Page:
It’s not always easy to get kids to turn off the computer or put down the game controller. So how do you get your kids to play outside? Here are a few tried-and-true strategies from experts like Richard Louv, Scott Sampson and Angela Hanscom that will actually help get them off the couch and out the back door.
If your kids are not going outside, nudge them to read, draw, or play with their favorite toy outdoors in the fresh air. This builds on behavior that they already enjoy. Being in an outdoor environment is an entirely different experience and will encourage them to play in a new way.
Often times kids really just want to spend time with their parents and other loved ones. Schedule a specific activity you can all participate in together. Taking walks, having picnics, and making park visits together are all great ways to incorporate Mother Nature into your family routine.
Think about ways you can add some variety to your outdoor time. Colorado is home to a multitude of different outdoor spaces and environments. Spend time in your yard and visiting your local park, but also consider exploring a bit farther–farms, forests, mountains, and lakes. This gives kids different ways to experience and think about the outdoors. The same place can be completely transformed during different parts of the year or even different times of the day.
Spending time outdoors shouldn’t be a solitary art. Making it a social experience makes it that much more fun. Kids inspire other kids. If play dates are part of your lifestyle, think about scheduling a playdate for an activity that can be done outdoors. Adding a friend to the mix might be just the nudge a kid needs to inspire their inner adventurer to come out. This strategy is especially effective with older kids.
Do we worry too much about the safety of our kids? When you look at the cold hard facts, the answer is an unquestionable yes. In fact, it’s never been a safer time to be a kid playing outside in America. For instance, abduction by a stranger has decreased by 51% since 1997. Missing persons cases have gone down by 40%. Motor vehicle deaths have dropped by 43%. The number of youths who were victims of violent crimes have plummeted by 59% since 1994. Things are better and safer for this generation of kids.
Also, consider that playing outdoors makes for a more capable, knowledgeable, and self-sufficient kid. And an independent kid equals a safer kid. Start your kid’s outdoor independence by taking small steps, like playing in the backyard while you observe them. Before you know it, they’ll be running all over the neighborhood, just like you used to do.
When it comes to raising a child, many parents and caregivers face the same challenges and concerns you do. Reach out to neighbors and friends for support. Turn your neighborhood into a community that embraces the importance of outdoor play. If we all spend a little more time outdoors in our neighborhoods, we’ll make more friends, know more about one another, and create communities that parents and kids feel comfortable in. It’s a simple idea that will benefit everyone.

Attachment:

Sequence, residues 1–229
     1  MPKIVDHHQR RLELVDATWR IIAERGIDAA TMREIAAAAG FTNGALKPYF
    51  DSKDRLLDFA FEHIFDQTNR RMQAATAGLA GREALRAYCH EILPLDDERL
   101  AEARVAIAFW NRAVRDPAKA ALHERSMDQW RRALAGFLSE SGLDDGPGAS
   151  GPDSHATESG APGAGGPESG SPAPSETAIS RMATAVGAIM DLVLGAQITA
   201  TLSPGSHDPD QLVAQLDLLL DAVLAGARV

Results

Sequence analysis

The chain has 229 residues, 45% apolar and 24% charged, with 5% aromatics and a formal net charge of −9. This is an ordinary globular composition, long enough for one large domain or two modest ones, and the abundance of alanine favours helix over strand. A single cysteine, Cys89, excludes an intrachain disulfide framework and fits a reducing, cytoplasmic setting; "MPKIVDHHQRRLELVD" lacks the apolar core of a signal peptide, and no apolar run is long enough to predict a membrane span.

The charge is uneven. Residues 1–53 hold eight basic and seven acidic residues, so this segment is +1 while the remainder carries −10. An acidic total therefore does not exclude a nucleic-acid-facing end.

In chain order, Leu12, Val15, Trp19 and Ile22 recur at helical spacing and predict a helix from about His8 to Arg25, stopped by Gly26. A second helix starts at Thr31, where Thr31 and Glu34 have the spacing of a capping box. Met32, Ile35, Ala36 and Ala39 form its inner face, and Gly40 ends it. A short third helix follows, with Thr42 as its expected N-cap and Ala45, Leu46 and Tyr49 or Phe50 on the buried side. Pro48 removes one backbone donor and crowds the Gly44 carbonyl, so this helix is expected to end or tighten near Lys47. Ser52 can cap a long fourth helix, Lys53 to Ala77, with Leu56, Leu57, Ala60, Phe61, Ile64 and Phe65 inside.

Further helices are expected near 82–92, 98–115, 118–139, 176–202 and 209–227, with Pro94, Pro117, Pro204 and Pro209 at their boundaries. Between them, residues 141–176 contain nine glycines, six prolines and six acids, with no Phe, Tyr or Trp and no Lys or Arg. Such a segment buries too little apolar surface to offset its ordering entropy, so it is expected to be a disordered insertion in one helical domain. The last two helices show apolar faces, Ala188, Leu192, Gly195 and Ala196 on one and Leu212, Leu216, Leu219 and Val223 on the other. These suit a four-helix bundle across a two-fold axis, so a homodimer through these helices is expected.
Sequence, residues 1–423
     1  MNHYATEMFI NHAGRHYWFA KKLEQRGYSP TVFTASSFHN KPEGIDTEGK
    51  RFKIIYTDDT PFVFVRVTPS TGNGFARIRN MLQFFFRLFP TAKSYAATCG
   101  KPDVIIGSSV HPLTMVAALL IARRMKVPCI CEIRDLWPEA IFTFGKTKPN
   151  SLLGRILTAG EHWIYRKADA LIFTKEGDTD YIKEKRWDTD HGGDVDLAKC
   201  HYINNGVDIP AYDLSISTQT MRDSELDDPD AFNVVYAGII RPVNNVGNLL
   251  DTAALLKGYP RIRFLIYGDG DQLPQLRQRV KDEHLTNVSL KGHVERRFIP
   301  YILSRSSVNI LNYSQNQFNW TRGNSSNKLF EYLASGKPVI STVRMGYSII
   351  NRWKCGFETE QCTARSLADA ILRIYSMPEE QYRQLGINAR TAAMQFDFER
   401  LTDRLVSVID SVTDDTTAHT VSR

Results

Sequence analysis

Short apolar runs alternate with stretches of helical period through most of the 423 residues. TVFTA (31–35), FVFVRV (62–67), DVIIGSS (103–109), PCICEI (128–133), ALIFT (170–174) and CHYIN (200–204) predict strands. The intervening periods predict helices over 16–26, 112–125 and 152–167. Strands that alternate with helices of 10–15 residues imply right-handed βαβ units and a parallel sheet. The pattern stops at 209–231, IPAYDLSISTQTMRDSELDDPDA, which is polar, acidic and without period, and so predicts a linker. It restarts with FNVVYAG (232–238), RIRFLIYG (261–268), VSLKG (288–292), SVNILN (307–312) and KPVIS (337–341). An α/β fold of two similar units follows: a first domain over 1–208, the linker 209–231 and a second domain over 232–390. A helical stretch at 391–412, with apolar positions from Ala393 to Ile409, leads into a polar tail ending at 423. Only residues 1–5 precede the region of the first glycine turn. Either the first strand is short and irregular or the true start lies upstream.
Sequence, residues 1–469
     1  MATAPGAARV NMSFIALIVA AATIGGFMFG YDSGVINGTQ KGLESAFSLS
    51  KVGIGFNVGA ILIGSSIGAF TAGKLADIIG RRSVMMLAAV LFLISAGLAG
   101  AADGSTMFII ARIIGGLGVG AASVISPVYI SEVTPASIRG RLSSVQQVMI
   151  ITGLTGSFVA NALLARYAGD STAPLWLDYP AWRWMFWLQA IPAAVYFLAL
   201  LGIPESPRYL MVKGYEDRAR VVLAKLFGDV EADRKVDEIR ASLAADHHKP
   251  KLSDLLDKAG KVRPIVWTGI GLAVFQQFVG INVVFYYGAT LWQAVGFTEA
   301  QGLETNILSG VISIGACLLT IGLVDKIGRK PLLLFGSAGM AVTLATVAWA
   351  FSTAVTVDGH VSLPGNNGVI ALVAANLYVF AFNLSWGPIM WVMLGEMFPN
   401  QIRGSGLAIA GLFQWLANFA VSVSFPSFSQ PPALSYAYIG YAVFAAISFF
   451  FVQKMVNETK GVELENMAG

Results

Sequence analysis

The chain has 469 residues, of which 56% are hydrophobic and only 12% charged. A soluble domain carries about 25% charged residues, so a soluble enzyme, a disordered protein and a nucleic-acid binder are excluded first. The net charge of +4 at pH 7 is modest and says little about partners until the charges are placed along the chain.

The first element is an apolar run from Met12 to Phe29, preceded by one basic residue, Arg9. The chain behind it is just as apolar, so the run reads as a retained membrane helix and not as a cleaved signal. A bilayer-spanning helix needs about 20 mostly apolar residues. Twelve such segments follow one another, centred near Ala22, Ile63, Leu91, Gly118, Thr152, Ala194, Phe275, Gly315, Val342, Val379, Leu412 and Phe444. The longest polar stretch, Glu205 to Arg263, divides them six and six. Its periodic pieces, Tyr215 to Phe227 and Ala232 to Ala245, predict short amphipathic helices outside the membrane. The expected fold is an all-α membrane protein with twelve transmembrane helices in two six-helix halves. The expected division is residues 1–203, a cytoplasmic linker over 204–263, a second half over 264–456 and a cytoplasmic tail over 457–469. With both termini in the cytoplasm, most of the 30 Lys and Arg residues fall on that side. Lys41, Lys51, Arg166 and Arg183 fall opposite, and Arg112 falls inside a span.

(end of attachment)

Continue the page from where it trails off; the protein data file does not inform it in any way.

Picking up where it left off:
A lot of parents feel that it’s their job to be their Chief Entertainment Officer and provide a never-ending set of activities for their kids. Instead, try embracing boredom. Something as simple as daydreaming unlocks kids’ imaginations and leads them to invent wonderful and complex play ideas. Encourage your child to solve their own dilemma. They will become more independent and creative as a result.
We love our kids and don’t want to miss out on important moments with them. But sometimes the best thing you can do for them is to give them some space. In those moments of freedom and independence, incredible things happen. Consider creating places just for them. Somewhere as simple as a garden space in the backyard or a dirt pile or sandbox could do the trick.
Set a simple goal. Plan for one hour of outdoor playtime each day for your kids. Not only will they look forward to it, you’ll start to see happier and healthier kids in no time. Because kids really do grow better outside.
Technology is a helpful tool for learning and exploring nature, so long as it doesn’t distract from it. Try going on a geocaching adventure to find hidden treasures. Go on a photo hunt and take nature selfies. Download apps like Merlin, Sky Guide, and iNaturalist to make discovering the outdoors even more interesting.
That’s where we come in. Follow Generation Wild on Instagram and Facebook, and we will give you all kinds of ideas and inspiration to get your kid outdoors. You can also connect with more than 250 incredible partners around the state that host amazing outdoor activities and programming for kids to participate in. There’s a lot to discover.